Michael Jordan’s gambling penchant is almost as legendary as his game. But his move last Friday is the biggest financial gamble of his life -- he bought an NBA franchise.
Like a lot of small market teams, the Charlotte Bobcats are losing money, with ticket sales and sponsorship revenue down in this economy. The Bobcats have been racking up debt under former owner Bob Johnson, and according to a great story by Henry Abbott at TrueHoop, Jordan now has the responsibility for those problems.
One source close to the process says that two things changed late in the game (to make Jordan’s deal come together). One is that some of the minority owners under Johnson agreed to stay on with Jordan in the lead role (which is reflected in David Stern announcing that a majority of the team had been transferred). And, most importantly, Jordan finally decided to put himself forward as the person who would pay the many bills as they arose. It’s unknown if he brought in any new owners at all. But what sources agree on is that Jordan vastly increased his own stake in the company, to the point that Stern is now calling him the “principal owner.”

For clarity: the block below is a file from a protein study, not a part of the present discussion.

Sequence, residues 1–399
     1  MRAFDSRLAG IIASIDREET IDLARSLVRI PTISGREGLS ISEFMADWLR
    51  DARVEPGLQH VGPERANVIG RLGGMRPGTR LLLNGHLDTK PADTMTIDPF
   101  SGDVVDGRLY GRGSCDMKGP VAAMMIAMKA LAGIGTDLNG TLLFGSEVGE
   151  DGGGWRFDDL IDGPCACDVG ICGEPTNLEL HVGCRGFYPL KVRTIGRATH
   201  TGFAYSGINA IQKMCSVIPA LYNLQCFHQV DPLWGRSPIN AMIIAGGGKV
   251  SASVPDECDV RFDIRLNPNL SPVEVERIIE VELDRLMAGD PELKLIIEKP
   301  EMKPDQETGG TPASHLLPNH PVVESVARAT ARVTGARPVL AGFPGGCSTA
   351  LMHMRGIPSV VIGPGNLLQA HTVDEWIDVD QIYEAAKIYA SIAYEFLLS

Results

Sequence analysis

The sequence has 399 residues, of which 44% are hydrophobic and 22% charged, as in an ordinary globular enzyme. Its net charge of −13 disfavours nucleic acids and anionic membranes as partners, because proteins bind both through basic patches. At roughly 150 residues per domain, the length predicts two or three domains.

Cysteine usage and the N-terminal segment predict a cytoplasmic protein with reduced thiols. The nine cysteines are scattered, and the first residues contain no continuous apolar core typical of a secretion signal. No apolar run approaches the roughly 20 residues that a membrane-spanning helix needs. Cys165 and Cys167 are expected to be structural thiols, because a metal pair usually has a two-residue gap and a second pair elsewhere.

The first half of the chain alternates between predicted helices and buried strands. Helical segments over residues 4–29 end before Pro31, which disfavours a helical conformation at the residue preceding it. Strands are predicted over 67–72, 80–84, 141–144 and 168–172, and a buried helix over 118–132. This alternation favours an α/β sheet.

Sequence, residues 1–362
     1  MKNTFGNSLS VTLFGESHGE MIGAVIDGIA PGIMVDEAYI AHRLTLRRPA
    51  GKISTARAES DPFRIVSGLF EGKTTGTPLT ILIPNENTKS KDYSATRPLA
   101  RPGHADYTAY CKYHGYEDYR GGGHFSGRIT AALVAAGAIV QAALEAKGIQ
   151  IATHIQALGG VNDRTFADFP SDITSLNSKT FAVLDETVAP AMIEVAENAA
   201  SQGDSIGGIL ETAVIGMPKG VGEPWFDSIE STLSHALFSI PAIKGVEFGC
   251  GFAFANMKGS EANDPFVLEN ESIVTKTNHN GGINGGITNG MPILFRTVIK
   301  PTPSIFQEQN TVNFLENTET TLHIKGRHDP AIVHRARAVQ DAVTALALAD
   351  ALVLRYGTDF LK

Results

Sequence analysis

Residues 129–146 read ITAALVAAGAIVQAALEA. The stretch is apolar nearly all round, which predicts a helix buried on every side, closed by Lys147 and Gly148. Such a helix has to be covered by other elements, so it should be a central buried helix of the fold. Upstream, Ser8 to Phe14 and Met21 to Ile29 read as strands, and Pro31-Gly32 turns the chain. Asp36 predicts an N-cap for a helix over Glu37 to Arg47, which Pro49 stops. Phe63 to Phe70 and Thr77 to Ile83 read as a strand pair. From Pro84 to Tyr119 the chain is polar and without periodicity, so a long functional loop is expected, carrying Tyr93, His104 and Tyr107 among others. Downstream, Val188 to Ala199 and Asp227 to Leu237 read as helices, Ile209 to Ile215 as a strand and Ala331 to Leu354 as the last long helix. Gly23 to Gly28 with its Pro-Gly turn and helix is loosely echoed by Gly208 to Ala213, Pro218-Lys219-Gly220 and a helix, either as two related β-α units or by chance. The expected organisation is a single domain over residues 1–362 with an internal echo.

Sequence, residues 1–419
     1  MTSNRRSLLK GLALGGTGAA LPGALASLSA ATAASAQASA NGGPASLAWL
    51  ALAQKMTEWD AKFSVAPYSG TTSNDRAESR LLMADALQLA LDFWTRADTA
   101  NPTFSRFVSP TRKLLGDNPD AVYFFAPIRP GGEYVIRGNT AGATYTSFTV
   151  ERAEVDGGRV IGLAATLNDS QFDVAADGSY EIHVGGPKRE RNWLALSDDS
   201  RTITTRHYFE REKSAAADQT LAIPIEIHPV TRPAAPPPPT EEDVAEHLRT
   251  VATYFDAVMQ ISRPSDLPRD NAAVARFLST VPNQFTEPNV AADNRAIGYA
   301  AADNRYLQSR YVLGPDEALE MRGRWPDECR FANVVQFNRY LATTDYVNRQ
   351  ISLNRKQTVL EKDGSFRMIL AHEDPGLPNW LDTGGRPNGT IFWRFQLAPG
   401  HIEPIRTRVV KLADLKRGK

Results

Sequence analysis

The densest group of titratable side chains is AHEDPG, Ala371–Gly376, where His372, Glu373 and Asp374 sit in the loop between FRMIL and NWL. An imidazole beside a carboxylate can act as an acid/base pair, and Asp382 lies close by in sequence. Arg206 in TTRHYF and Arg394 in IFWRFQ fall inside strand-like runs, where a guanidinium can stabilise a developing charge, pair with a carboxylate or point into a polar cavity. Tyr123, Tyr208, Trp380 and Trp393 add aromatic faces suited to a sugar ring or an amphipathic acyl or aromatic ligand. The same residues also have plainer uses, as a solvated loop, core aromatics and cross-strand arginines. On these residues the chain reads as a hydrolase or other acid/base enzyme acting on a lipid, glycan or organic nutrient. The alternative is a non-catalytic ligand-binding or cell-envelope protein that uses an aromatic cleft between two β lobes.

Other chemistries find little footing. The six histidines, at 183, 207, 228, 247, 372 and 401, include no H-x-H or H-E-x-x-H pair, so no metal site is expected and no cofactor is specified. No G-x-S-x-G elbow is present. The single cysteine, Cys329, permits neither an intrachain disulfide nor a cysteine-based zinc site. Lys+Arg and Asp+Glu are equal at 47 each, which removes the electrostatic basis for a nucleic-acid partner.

Joel Litvin, NBA President, League and Basketball Operations says “we expect that this transaction will value the Charlotte Bobcats between $275-290 million.” The Wall Street Journal explains that much of the purchase involves Jordan taking on debt.
As Abbott points out, for the last few years Jordan has had a fun toy to play with. He got to make decisions -- he was the final say on all things on all things basketball -- without having to pay the price. That fell to Johnson. When a minority owner decided not to chip in for his share of the losses, Johnson had to cover it. Jordan is estimated to be worth roughly $400 million -- that’s a lot of money, but you burn through it fast if the team is losing $40 million a year.
Jordan is gambling again. Gambling that he can make good basketball decisions that will put a winner on the court and draw more fans. So far his record as a front office executive is spotty -- he’s been fired once, but this year the team is playoff bound and exceeding expectations. Building this team cheaply will not be easy as it has traded away a lot of draft picks for upcoming years.
Jordan also is gambling he can find more investors. Some people to sit by, get to bask in the Jordan aura, and fork over big checks to do it. Checks to cover the operating losses and debt that are going to take a few years to get rid of (at best). Making that sale is going to be a lot tougher than selling Hanes T-shirts.
But, do you really want to bet against Jordan pulling it off?